Be the hero in your own movie.

If this were a movie you’d call it an adventure. You’d watch to see how the hero handles it. Be the hero you’d root for.

Most of us “stuck in our homes” with family, tv, internet, clean running water, Flushing toilets, Sanitation pick up and mail delivery … (List goes on) are living better than much of the world does on a good day.
Why is it so hard to sit still and stay put? Yes small children are a challenge but even that is an opportunity to teach them the value of introversion and the power of thinking independently, pursuing subjects of education that interest them rather than a mandated curriculum, looking to themselves for ideas and inspiration.
For parents who have not done that themselves, this could be a challenge. Learn it together. It will improve your relationship with your children forever.

People have been complaining for years about society’s declining values with no way to hit the pause button.
Now, faced with the opportunity to do just that, many are instead , listening to the very people who benefit from the materialistic mess, when they tell them the goal is to do everything to get back to it.
If ever there was a moment to hit the pause button, reevaluate and restructure, this is it. Companies and people who survive in hard times are always those with the ability to adapt. As need to transport people decreases, pickup and delivery of goods & groceries increases. There’s still a need to be filled.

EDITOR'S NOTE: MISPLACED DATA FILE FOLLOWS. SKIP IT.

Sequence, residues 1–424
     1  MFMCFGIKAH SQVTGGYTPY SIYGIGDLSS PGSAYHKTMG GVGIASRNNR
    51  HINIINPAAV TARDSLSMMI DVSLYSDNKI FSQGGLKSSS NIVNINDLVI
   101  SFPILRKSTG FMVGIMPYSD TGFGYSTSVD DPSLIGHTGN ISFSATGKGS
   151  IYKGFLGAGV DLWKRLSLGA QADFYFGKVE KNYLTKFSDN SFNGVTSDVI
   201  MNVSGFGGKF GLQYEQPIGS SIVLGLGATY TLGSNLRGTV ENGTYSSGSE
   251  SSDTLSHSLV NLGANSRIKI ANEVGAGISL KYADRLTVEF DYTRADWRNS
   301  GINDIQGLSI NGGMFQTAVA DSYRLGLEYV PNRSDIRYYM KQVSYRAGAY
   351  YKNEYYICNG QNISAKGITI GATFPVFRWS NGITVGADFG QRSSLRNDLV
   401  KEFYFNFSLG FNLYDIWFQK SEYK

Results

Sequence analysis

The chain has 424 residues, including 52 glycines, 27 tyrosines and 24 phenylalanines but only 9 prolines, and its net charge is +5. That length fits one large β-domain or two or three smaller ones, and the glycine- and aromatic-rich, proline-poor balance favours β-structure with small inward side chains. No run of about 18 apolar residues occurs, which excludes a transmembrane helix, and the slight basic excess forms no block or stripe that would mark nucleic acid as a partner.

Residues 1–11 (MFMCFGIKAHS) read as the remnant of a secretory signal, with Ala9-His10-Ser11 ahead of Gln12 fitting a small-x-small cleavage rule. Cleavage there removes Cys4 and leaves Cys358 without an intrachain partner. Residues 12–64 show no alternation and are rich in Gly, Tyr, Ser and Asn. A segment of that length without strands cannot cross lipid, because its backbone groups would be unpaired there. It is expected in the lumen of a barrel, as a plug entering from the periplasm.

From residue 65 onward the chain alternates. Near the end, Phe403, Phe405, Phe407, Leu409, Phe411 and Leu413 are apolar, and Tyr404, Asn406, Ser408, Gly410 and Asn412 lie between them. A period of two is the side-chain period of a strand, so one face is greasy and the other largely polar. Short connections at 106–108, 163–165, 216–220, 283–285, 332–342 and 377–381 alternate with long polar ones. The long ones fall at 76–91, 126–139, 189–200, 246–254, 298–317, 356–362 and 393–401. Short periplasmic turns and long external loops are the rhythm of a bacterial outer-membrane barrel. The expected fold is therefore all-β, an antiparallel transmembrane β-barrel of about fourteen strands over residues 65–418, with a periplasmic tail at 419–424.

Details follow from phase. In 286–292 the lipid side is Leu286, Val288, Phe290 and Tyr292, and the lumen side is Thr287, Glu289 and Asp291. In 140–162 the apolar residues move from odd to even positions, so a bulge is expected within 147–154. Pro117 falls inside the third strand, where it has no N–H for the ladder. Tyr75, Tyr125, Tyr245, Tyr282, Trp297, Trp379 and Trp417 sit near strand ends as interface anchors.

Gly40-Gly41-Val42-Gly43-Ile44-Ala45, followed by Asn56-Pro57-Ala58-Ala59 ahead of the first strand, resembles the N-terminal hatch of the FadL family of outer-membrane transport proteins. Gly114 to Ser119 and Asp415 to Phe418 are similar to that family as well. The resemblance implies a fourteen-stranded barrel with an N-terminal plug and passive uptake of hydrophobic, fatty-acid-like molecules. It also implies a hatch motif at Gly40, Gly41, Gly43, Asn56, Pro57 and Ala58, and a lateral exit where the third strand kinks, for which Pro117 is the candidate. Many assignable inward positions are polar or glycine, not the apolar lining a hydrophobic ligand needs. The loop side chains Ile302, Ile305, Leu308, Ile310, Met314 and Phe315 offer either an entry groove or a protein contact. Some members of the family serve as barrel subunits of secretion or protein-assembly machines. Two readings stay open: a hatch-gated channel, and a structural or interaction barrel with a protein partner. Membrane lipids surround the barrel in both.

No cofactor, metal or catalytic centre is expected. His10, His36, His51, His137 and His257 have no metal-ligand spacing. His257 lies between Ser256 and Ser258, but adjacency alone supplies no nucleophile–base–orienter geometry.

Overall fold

People still need what they need to survive.
Produce is growing,
water still flowing
It’s never been money that keeps us alive


I’m Eleanor of Aquitaine
knock me down and I’m back again
Voice of reason in a world insane
While the devil’s brood fight to reign
I survive, I survive
I’m Joan of Arc, I’m Mother T
Mada’me Curie, I’m Hillary
You’ve always been afraid of me
But I survive I survive
They focus on the man with the plan,
the man with the seed
who does the deed.
Who might not even know their name
Might have gone, once he came.
(Never to be seen again)
Still I endure, like Mother Earth
My strength is love. I give my blood.
And If you turn your back on me
I’ll hold your hand and bring you tea
A woman’s strength comes from inside.
You can survive, if you will survive.

Hey what About Me!

Most of us at one time or another are going to face the job of taking care of elderly parents. And most of us feel guilty for dreading it. It’s not a fun job but these are our parents. We owe them, don’t we? My answer is no. We think of all they’ve done for us. Some parents have even made a point of telling their children what they’ve sacrificed and expect gratitude, like it’s owed. Crock. People have children when they are young, sexual and looking forward to life. We (the baby boomers) can’t even claim our kids weren’t planned. We had birth control. No it was drugs sex, rock & roll for most of us. Children were the result of a good time (usually) and until we’re sure about reincarnation we’ve gotta say, they don’t ask to be born.  

Our children owe us no more than they owe every other human being on earth. Respect and mutual consideration. Folks don’t seem to have mastered that yet. 

If you want to relationship with your adult children, you’ve got 18 years to earn one. 
Get busy..

Baptists, Catholics and Jehovah’s Witnesses

I don’t see much difference between the message of Buddha and Jesus but there’s night and day difference in the delivery. I’ve always been intensely curious about religion. Fortunately, my parents were Agnostics. They allowed me to make up my own mind and I’ll be eternally grateful. (perhaps eternally damned but the pun still works)